I was not worried about the Indian woman, even though I have had more negative experiences in India than at the hands of black people. I was worried about the young adult black male. He was lovely, by the way. He exuded no anger, just sweetness. There was no reason other than the awareness created by the protests. I tried to stop my thoughts by imagining him as a white man, then as a black woman, then as an Asian. In every case the fear subsided but only as long as I held the thought. The lesson wouldn’t generalize. My bag was filled with medical equipment and I couldn’t stop the idea that he might rifle through it from passing across my mind. It didn’t make sense. It had no basis in fact and yet, there it was, warning me to act.
I believe in listening to my instincts and thoughts at least enough to quell their fearmongering, so I went up and got my bag. Once done I was free to analyze the situation.
This time I imagined him as an old black man and realized it wasn’t just about race it was also age. Because when I imagined him as old I also, imagined him over the impetuousness of youth.
Then I thought about his clothes and recognized his attire as indicative of movie-made bad boys with darker skin. The point is, I wasn’t worried about him, I was worried about his package.
The world has trained me, taught me to fear, and in some ways that has been beneficial. But in many more ways it has stepped up and controlled my feelings, inhibited my intelligence, and shaped my beliefs.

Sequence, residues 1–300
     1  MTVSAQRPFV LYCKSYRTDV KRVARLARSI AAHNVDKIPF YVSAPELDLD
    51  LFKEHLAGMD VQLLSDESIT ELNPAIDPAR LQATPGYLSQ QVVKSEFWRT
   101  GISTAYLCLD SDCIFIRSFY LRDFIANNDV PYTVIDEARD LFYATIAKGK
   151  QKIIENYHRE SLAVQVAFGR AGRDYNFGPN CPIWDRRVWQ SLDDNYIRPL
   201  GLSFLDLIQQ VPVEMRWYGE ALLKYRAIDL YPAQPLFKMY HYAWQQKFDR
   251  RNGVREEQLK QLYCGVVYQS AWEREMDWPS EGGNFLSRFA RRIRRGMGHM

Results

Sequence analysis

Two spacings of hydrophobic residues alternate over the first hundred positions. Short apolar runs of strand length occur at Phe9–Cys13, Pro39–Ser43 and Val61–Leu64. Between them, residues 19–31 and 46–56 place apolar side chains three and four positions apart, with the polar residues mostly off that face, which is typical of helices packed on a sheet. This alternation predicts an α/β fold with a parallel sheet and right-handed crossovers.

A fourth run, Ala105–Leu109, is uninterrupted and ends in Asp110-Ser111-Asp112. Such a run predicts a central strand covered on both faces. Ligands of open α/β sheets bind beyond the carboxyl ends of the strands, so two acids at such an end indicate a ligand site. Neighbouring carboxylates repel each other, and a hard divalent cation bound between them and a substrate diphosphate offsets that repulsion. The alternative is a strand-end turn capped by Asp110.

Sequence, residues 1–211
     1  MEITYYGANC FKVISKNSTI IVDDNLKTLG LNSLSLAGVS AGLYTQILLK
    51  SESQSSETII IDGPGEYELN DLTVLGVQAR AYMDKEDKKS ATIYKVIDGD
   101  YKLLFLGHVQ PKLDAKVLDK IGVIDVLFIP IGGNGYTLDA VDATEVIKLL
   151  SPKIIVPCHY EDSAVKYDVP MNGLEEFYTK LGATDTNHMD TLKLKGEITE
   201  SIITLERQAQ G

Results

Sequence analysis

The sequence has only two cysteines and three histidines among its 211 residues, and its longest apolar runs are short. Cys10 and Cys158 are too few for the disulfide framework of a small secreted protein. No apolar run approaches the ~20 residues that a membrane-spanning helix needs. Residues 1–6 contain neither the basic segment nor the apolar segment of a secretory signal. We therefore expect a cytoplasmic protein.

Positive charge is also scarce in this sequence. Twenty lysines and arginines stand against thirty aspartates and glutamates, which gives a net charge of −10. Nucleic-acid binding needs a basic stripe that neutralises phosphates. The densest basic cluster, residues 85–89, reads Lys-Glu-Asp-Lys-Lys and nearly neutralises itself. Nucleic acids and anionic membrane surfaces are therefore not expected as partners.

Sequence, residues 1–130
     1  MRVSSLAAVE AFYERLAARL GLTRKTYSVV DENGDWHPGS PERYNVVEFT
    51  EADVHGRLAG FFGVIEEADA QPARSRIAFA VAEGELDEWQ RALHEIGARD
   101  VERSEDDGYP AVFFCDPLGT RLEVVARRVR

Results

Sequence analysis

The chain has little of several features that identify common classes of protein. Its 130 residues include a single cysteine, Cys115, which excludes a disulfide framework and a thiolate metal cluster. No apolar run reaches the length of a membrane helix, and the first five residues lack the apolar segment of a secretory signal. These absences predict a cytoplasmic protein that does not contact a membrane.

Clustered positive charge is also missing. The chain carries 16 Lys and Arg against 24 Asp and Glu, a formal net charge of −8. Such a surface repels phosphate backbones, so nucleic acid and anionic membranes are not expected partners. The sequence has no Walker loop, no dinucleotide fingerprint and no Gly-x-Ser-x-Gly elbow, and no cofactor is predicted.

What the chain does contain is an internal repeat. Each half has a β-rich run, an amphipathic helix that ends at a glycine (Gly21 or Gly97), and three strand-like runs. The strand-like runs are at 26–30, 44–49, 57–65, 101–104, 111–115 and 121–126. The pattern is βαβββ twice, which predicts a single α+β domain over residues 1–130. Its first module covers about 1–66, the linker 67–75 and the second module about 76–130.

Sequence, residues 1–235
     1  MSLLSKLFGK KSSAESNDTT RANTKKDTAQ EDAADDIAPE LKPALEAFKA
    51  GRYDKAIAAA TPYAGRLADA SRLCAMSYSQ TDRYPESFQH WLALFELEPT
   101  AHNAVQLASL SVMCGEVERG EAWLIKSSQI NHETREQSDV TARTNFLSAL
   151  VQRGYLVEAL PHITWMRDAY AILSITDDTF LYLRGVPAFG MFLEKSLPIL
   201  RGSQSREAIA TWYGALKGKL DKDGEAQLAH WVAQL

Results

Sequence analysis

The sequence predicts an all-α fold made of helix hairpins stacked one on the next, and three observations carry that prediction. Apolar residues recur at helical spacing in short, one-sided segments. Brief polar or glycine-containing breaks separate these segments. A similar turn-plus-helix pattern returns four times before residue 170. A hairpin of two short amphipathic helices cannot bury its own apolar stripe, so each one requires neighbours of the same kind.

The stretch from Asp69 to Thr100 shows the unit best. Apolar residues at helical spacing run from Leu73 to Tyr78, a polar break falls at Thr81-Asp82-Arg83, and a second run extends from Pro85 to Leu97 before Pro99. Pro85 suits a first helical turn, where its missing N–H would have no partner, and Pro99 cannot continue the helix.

It is only my determination to be happy and mentally healthy that has changed the course of these presets. That is what I wanted to share. What we grow up looking at matters, especially if we don’t know we have the power to change. And even more so if we don’t have that power in the first place. I never really understood how the names of your street, the flags over your head, and the statues in your park could traumatize a person’s youth and cripple their future. Until I imagined that man on the plane as white. Because it gave me an idea.
I imagined Christopher Columbus as a native in full headdress and the reservations stocked with white people. I imagined Lincoln as black and the slave he owned as white. I imagined Franklin Roosevelt as an Asian and the internment camps filled with white people. I imagine Trump as a Mexican filling detainment camps with white children.
Then I imagined myself as a little white girl growing up surrounded by these stories and statues.
And suddenly I wasn’t able to believe in mental health or happiness or the power of change. I was broken. I felt the color drain from my face and wondered if my eyes were also colorless like the man with the knife trying to carve away his pain in a white woman’s hide. It occurred to me that these statues, street/fort/team names and flags, are the trauma and the trigger. Because that is how traumas work. They become the unexploded mine buried deep in the psyche and shaped into a trigger when something similar comes along.
This is a sad time in America, my chosen country of twenty years. When the concept of wearing masks to protect others was introduced I was excited. Reminded me of putting the mask on me first before helping others on the airplane. The point was to do the right thing for my body so I could do the right thing for others. I hoped it would sow the seeds of unity and brotherly/sisterly love. That is not what has happened. But I am still hoping.
Maybe that is the point of this new surge of infections. To give us another chance to do what is right, choose solidarity and neighborly love.
Or perhaps it is just fueling the fire for the end of days.
That is up to us. I choose dismantling the triggers and recreating health.